In recent meta-analysis that analyzed 1,024 oocytes donors undergoing ovarian stimulation with antagonist or agonist GnRH were observed rates of oocytes retrieved and clinical pregnancy similar in both groups. There was no difference in the incidence of OHSS between them, although the authors attribute to the limited sample size and the fact that the induction of oocyte maturation end with hCG has been made in most studies reviewed.23

Another possibility for preventing OHSS and its severity reduction is the use of dopamine agonist.46,47 In a systematic review and meta-analysis of randomized trials, the data suggested that cabergoline reduces the risk of moderate and severe OHSS, with no statistically significant difference in the rates of birth, clinical pregnancy or abortion, suggesting that endometrial angiogenesis would not be affected by the use of dopaminergic.46,47 It was observed that the dopamine agonist Cabergoline inactivates the receptor of the vascular endothelial growth factor (VEGF r2) preventing the increase of vascular permeability and justifying its use in the prevention of OHSS.48

A placebo-controlled double-blind randomized multicenter trial has evaluated the use of quinagolide, dopamine agonist not derivative of ergotamin. It was compared using three oral doses of 50, 100 and 200mg/day, beginning on the day of hCG for 17 to 21 days. It has been found that the incidence of moderate to severe early OHSS was significantly lower in the groups that received quinagolide compared with placebo, with a dose-dependent effect. The use of dopamine agonist did not affect reproductive outcome, with a protective effect of OHSS higher in patients who have not become pregnant.11

Systematic reviews and meta-analyzes have evaluated the oral use of cabergoline, at doses of 50, 100 and 200mg, with another study comparing patients who used 20g of intravenous albumin 20% and another group using 0.5mg of cabergoline per day from the first day after oocyte retrieval for 7 to 14 days, reducing the risk of moderate to severe OHSS in high risk patients. It was concluded that the use of cabergoline was superior to the use of intravenous albumin to reduce the risk of OHSS, and that there was no difference in the occurrence of OHSS in patients who received albumin and those who did not receive.9,15,19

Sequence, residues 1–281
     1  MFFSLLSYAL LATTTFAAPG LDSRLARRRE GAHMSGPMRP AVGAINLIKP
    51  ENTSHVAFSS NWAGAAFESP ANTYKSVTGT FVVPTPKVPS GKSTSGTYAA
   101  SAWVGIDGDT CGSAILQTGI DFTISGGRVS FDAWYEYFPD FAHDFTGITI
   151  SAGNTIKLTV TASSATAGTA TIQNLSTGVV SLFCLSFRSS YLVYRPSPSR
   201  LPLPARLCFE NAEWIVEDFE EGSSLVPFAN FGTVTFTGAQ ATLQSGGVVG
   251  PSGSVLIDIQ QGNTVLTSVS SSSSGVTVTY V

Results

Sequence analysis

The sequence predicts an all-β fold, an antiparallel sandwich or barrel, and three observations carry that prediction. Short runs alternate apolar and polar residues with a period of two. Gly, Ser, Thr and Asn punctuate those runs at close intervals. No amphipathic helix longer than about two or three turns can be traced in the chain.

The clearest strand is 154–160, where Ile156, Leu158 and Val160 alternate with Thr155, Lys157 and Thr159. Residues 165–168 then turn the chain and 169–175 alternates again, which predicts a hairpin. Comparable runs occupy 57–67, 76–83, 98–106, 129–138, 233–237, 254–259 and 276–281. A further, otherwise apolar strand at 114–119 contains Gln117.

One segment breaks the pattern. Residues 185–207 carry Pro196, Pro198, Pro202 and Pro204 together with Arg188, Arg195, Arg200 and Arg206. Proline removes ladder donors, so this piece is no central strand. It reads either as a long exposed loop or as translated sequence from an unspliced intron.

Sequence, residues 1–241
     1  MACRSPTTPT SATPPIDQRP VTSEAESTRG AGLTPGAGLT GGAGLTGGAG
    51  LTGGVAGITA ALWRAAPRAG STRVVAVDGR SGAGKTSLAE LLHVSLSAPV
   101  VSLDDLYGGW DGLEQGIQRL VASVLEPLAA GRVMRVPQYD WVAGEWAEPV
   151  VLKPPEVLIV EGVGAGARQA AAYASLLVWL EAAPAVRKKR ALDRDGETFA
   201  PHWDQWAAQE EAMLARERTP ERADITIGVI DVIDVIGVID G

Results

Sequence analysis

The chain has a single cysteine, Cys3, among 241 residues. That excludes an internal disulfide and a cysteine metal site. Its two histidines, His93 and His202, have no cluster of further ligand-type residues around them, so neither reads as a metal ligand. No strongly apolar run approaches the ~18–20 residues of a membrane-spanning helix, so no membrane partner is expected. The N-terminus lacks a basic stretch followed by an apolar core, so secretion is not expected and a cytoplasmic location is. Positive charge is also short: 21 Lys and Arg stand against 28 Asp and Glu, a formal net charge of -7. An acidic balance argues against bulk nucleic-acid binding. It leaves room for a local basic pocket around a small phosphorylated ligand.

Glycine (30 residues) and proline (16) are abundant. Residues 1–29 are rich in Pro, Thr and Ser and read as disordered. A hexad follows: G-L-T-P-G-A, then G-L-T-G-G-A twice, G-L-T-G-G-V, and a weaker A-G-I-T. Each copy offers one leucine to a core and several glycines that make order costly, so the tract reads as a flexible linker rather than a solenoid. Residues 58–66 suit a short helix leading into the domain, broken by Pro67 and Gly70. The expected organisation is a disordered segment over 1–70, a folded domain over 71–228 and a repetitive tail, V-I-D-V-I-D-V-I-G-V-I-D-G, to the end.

Other research indicates that the use of acetylsalicylic acid at the dose of 100mg/day in patients at risk of developing OHSS can be useful in the prevention, because it reduces platelet activation related to the concentration of circulating VEGF and thrombogenic risk that stems from the OHSS.49,50

The current lack of a fast and efficient therapy that promptly resolves electrolyte imbalance of patients makes prevention of OHSS crucial. The cases of mild ovarian hyperstimulation does not require treatment and the moderates require outpatient clinic monitoring and laboratory tests, not forgetting the possibility of progression to the severe form. Severe cases require hospitalization, often in intensive care units.22

Due to the pathophysiology of hemoconcentration resulting from OHSS, there is a hypercoagulability, increasing platelets, fibrinogen and coagulation factors V, VI, VII, and subsequent increased risk of thrombosis. In addition, there are elevated transaminases, hyperkalemia, hyperglycemia by increasing cortisol, inversion of the albumin/globulin and metabolic acidosis. Therapy should therefore emphasize the clinical support in an attempt to avoid the consequent dysfunction syndrome.22 In relation to the ascites, the intravenous administration of 50g of albumin may decrease 800ml of additional vascular fluid in 15minutes, it is recommended a dose of 50 to 100mg a day, considering the half life of albumin from 17 to 20 days.22

Conclusion

The incidence of ovarian hyperstimulation syndrome (OHSS) found in the Service of Human Reproduction of Hospital Perola Byington proved to be within the range suggested by the literature. The characterization of patients with OHSS and assisted reproduction techniques employed did not differ from that described in other studies. The literature has evaluated methods of preventing OHSS. Although none of the approaches is so far fully effective, the majority demonstrates a decreasing incidence in high-risk patients.

Conflict of interest

The authors declare no conflicts of interest.

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Research conducted at Hospital Pérola Byington, São Paulo, SP, Brazil.

Corresponding author. (Ludmila Machado Neves ludmila_machadoneves@yahoo.com.br)
Copyright © 2013. Sociedade Brasileira de Reprodução Humana
Reprod Clim 2013;28:10-7 - Vol. 28 Núm.1 DOI: 10.1016/j.recli.2013.05.001